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Caste as an Impediment to Trade

  • Siwan Anderson

We compare outcomes across two types of villages in rural India. Villages vary by which caste is dominant (owns the majority of land): either a low or high caste. The key finding is that income is substantially higher for low-caste households residing in villages dominated by a low caste. This seems to be due to a trade breakdown in irrigation water across caste groups. All else equal, lower caste water buyers have agricultural yields which are 45 percent higher if they reside in a village where water sellers are of the same caste compared to one where they are not. (JEL O12, O13, O17, O18, Q15, R23, Z13)

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File URL: http://www.aeaweb.org/articles.php?doi=10.1257/app.3.1.239
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Article provided by American Economic Association in its journal American Economic Journal: Applied Economics.

Volume (Year): 3 (2011)
Issue (Month): 1 (January)
Pages: 239-63

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Handle: RePEc:aea:aejapp:v:3:y:2011:i:1:p:239-63
Note: DOI: 10.1257/app.3.1.239
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  1. Timothy Besley & Robin Burgess, 1998. "Land reform, poverty reduction and growth : evidence from India," LSE Research Online Documents on Economics 2018, London School of Economics and Political Science, LSE Library.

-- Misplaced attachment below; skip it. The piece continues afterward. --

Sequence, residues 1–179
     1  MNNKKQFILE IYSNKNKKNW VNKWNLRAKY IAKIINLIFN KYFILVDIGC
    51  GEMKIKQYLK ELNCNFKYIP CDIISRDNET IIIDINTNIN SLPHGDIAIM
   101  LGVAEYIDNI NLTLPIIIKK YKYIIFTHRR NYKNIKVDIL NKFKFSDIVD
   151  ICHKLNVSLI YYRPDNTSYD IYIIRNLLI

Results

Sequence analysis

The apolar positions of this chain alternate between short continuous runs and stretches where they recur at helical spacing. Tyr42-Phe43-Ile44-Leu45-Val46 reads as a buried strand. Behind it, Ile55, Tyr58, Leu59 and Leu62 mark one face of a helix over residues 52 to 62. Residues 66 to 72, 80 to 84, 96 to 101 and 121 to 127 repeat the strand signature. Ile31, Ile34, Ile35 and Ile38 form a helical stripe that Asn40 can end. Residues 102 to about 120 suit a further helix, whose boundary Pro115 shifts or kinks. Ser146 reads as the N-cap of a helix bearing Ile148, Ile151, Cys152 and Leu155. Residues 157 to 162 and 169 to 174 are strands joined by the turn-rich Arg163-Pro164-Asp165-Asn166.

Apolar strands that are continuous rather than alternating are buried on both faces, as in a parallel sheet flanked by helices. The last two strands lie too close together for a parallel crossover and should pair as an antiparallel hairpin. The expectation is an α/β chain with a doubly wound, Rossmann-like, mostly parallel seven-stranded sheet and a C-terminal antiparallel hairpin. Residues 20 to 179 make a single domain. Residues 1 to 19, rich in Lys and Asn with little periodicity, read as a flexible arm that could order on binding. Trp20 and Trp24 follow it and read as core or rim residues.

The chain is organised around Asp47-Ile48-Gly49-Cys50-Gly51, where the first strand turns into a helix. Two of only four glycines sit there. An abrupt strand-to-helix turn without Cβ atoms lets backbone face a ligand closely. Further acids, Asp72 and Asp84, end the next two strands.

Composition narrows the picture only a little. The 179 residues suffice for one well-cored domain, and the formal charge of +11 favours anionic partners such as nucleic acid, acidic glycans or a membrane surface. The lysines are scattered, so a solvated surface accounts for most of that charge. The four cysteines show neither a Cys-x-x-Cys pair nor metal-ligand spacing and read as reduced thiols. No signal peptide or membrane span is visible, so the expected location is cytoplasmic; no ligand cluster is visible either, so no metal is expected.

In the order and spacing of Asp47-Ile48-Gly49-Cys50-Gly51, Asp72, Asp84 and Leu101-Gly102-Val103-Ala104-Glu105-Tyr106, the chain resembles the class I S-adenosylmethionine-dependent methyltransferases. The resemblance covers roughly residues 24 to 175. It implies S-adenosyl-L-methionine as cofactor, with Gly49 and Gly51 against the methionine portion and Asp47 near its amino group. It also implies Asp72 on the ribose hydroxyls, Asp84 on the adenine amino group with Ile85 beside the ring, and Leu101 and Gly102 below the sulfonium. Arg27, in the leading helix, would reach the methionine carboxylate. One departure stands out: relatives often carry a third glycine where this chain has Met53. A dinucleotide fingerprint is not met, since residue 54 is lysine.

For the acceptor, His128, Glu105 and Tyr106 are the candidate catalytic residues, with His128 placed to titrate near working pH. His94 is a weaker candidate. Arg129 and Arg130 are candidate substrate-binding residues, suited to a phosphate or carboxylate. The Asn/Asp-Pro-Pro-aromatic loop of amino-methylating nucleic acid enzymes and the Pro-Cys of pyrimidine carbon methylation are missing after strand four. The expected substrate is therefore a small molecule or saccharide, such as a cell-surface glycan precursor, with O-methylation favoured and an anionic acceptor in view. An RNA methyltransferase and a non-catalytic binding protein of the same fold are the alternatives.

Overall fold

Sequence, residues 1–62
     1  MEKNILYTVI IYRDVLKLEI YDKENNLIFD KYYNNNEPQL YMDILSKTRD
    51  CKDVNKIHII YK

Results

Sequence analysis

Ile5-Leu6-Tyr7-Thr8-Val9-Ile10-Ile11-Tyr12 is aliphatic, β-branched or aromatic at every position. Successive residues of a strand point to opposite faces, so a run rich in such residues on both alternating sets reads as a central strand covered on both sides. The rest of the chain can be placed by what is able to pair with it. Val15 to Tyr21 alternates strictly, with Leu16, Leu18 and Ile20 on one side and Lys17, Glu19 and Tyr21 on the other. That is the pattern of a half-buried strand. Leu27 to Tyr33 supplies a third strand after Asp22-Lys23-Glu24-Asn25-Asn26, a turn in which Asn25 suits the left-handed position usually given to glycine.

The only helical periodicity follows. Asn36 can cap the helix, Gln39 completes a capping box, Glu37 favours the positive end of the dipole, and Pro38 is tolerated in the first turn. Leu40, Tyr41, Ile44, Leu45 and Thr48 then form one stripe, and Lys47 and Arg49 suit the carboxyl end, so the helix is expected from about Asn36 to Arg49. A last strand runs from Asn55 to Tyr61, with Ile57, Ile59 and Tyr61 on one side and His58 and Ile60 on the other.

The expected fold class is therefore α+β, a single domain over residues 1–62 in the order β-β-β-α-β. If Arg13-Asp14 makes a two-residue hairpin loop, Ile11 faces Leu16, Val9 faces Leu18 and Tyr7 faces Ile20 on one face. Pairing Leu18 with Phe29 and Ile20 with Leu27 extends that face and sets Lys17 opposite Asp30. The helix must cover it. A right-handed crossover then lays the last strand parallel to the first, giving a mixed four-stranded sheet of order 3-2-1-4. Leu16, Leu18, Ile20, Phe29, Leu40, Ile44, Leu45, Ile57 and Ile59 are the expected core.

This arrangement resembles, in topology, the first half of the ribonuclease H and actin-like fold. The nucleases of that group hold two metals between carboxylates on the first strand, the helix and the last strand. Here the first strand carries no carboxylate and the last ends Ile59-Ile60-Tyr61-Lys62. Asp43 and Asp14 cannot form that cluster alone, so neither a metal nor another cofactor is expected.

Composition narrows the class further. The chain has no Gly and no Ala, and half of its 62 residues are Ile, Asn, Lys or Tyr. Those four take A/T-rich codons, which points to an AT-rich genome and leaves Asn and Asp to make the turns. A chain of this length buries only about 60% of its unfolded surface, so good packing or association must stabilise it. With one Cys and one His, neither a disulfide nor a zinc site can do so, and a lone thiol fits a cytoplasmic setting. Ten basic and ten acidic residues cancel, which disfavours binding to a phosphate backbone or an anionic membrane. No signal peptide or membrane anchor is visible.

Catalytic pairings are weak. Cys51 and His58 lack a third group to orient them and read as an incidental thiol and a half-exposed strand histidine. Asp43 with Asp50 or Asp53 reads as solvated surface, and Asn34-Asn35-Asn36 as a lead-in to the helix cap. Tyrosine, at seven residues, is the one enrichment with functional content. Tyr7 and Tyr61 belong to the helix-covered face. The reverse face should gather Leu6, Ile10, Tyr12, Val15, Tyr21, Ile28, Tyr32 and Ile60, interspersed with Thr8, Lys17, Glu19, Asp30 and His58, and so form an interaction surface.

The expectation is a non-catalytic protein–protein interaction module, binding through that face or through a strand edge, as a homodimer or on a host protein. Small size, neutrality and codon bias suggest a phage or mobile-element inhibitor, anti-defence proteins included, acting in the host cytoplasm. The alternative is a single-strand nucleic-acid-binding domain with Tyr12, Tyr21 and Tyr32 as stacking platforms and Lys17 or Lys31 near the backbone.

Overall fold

2. Akerlof, George A, 1976. "The Economics of Caste and of the Rat Race and Other Woeful Tales," The Quarterly Journal of Economics, MIT Press, vol. 90(4), pages 599-617, November.
  3. Jacoby, Hanan G. & Murgai, Rinku & Rehman, Saeed Ur, 2001. "Monopoly power and distribution in fragmented markets : the case of groundwater," Policy Research Working Paper Series 2628, The World Bank.
  4. Abhijit Banerjee & Lakshmi Iyer, 2005. "History, Institutions, and Economic Performance: The Legacy of Colonial Land Tenure Systems in India," American Economic Review, American Economic Association, vol. 95(4), pages 1190-1213, September.
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